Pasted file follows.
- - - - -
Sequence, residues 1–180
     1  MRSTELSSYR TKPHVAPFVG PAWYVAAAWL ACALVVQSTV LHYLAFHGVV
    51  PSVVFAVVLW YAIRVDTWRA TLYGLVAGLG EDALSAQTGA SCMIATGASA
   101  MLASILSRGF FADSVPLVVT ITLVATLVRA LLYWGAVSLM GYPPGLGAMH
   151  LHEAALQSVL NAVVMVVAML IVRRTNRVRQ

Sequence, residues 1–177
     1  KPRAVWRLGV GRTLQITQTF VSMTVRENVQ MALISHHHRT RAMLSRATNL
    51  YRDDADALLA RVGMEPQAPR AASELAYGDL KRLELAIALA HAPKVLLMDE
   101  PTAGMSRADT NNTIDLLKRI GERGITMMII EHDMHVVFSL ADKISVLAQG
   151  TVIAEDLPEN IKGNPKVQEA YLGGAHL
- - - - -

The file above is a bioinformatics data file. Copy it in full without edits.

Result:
Sequence, residues 1–180
     1  MRSTELSSYR TKPHVAPFVG PAWYVAAAWL ACALVVQSTV LHYLAFHGVV
    51  PSVVFAVVLW YAIRVDTWRA TLYGLVAGLG EDALSAQTGA SCMIATGASA
   101  MLASILSRGF FADSVPLVVT ITLVATLVRA LLYWGAVSLM GYPPGLGAMH
   151  LHEAALQSVL NAVVMVVAML IVRRTNRVRQ

Sequence, residues 1–177
     1  KPRAVWRLGV GRTLQITQTF VSMTVRENVQ MALISHHHRT RAMLSRATNL
    51  YRDDADALLA RVGMEPQAPR AASELAYGDL KRLELAIALA HAPKVLLMDE
   101  PTAGMSRADT NNTIDLLKRI GERGITMMII EHDMHVVFSL ADKISVLAQG
   151  TVIAEDLPEN IKGNPKVQEA YLGGAHL